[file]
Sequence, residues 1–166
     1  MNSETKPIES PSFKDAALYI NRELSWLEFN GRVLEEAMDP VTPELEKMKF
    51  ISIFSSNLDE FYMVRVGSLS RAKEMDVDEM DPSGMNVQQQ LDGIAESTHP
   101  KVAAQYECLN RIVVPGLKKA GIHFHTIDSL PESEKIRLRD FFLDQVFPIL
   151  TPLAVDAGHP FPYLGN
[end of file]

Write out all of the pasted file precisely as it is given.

Sequence, residues 1–166
     1  MNSETKPIES PSFKDAALYI NRELSWLEFN GRVLEEAMDP VTPELEKMKF
    51  ISIFSSNLDE FYMVRVGSLS RAKEMDVDEM DPSGMNVQQQ LDGIAESTHP
   101  KVAAQYECLN RIVVPGLKKA GIHFHTIDSL PESEKIRLRD FFLDQVFPIL
   151  TPLAVDAGHP FPYLGN